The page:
http://home.earthlink.net/~freshearthfarms/
http://www.landstewardshipproject.org/foodfarm-main.html
http://www.localharvest.org/csa/
http://www.nal.usda.gov/afsic/pubs/csa/csa.shtml
http://www.wwoof.org/

3 comments:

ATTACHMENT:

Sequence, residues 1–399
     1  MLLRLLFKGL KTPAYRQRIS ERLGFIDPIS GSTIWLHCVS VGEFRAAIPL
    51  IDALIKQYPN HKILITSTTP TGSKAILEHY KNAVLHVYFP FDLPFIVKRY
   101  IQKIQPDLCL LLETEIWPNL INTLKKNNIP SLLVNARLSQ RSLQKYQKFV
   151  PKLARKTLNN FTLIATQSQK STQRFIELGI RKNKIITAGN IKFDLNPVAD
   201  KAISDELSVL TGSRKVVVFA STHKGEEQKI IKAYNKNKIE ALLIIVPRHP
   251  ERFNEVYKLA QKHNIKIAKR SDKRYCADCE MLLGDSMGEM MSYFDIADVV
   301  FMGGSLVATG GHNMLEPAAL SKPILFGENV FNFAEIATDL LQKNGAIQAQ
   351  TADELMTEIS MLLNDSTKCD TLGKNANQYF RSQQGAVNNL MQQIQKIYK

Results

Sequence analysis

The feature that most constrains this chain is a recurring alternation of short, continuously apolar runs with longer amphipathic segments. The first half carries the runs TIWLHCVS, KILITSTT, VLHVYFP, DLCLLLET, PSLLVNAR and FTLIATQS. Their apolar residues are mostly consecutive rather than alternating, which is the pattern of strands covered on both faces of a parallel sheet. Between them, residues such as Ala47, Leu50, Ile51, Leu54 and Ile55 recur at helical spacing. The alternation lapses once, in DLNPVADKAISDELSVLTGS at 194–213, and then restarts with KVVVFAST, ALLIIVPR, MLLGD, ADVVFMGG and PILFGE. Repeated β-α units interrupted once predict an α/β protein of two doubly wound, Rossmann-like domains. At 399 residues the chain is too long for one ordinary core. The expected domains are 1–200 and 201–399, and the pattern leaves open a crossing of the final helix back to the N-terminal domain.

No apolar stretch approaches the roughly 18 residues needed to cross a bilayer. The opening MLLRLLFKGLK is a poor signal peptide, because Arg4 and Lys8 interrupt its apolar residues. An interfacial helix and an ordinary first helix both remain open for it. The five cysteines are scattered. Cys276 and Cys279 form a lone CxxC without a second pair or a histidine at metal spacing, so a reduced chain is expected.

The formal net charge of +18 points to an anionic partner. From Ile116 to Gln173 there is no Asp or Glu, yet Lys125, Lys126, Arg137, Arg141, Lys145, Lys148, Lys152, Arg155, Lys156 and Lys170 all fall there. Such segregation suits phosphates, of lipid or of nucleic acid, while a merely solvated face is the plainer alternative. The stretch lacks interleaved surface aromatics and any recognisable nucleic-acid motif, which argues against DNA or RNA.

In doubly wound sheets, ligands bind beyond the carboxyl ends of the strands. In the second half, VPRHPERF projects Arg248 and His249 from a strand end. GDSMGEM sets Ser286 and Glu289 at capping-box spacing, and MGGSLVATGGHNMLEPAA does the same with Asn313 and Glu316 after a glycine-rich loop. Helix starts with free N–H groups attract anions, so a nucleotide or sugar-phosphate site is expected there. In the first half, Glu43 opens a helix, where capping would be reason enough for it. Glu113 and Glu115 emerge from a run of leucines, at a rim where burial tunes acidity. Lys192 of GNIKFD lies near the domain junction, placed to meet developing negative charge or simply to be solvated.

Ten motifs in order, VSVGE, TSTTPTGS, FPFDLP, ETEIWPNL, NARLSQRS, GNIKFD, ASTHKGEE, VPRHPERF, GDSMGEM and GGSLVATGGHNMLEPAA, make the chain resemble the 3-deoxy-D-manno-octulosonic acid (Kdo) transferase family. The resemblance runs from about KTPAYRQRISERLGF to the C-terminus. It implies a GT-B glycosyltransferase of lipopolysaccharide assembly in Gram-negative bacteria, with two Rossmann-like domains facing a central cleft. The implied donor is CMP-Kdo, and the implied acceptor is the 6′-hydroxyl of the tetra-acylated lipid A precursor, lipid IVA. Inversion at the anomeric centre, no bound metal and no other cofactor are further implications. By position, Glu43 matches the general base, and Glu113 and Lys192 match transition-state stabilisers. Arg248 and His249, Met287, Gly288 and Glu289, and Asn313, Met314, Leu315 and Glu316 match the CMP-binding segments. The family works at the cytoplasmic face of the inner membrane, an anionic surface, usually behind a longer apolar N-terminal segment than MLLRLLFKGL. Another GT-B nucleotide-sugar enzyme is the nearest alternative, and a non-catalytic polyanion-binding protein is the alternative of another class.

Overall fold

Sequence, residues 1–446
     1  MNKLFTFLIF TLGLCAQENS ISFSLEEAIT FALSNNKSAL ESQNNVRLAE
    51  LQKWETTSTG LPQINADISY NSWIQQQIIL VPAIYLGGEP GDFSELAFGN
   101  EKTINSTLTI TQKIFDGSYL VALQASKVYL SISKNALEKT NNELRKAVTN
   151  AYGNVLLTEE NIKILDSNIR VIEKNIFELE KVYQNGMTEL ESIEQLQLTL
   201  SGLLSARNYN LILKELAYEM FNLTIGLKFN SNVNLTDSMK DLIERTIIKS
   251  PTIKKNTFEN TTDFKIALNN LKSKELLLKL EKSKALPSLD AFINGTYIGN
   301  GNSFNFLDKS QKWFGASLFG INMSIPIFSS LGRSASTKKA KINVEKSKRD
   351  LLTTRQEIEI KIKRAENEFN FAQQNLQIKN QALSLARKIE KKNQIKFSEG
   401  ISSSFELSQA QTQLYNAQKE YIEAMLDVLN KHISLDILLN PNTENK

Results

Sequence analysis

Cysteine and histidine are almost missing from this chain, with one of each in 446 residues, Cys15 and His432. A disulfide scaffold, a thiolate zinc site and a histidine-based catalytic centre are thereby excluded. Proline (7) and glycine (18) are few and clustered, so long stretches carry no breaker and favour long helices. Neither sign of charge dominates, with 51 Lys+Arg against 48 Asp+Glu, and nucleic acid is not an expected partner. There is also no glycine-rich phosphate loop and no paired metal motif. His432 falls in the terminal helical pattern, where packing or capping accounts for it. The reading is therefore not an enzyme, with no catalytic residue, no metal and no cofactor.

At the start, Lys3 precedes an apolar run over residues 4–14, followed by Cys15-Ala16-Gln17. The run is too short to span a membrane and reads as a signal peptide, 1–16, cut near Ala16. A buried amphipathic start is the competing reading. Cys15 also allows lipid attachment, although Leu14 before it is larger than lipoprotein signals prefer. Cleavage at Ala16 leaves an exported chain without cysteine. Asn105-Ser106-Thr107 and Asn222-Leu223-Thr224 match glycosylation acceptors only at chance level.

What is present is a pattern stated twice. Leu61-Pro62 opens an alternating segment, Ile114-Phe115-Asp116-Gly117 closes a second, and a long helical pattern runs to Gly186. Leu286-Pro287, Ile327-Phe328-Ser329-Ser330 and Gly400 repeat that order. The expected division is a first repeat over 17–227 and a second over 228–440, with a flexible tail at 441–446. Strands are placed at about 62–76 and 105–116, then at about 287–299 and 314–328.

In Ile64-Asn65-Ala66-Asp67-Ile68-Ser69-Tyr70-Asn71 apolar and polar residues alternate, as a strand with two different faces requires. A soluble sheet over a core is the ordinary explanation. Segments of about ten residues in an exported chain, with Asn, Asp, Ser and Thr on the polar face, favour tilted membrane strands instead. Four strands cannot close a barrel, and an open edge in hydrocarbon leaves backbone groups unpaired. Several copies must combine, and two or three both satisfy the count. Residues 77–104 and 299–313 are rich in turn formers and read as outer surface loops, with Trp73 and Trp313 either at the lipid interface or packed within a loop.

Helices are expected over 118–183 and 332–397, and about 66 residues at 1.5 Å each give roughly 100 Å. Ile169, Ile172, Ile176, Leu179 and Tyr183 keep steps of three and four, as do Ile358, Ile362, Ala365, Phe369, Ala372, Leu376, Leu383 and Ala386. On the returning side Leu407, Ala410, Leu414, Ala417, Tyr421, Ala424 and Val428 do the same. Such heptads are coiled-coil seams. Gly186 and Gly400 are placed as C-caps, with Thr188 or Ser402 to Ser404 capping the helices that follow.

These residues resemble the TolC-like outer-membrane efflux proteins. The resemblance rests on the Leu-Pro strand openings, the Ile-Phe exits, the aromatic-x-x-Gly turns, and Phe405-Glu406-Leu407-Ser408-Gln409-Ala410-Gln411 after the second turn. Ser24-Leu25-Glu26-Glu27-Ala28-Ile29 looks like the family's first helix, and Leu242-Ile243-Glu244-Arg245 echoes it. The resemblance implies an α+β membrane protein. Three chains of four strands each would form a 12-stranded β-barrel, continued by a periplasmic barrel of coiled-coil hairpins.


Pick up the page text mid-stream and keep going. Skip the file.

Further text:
1. Reading through this post, and then looking at the example CSA (Community Supported Agriculture) model of Fresh Earth Farms, made me consider the question of why do the majority of people use the supermarket versus a CSA in some shape or form. I spent some time looking through the Fresh Earth Farms website to inform myself about the practical application of how a CSA works. From what I have understood, the farm requires an upfront payment for the number of shares your family will require. This makes sense as a farm in general has a large lag time between input costs and revenue from the finished product goods. So for the example family of four, purchasing four shares to the farm would cost $845, for 19 weeks of produce. If this same family of 4 were to try to live from the fruits of the CSA they would have to buy at least 11 shares of food, and then during the summer this family would have to preserve some of these products to be able to live off of the farm production in the winter months. This would cost this same family $2175, or $42.83 a week for a full year's supply of fresh produce. Yet at the same time, this family would have to turn half of that fresh produce into preserved food to store for consumption during the months the farm is not producing food. In contrast, the family would still be able to obtain the same fresh produce, through out the winter months from the supermarket. One must also consider the fact that the farm only sells produce and the rest of the family's food intake must be purchased elsewhere, either through the various share programs, or directly from a supermarket. Purchasing meat, and fruit through the share programs with the Fresh Earth Farms, is an option but again it becomes expensive, with a cost of $475 per monthly share. A family of four could purchase one share a month for $475, but that would result in not a whole lot of meat for consumption for the month. It would also raise the weekly cost of food to about $160.75. If purchasing meat and produce through this system the family of four would spend about $60 more a week than if they only shopped in a grocery store. At the same time, this would also only be for the 19 weeks that consists of the harvest season. Food would also have to be purchased at a supermarket for the remaining weeks in the year, as fresh produce would not be able to be produced locally.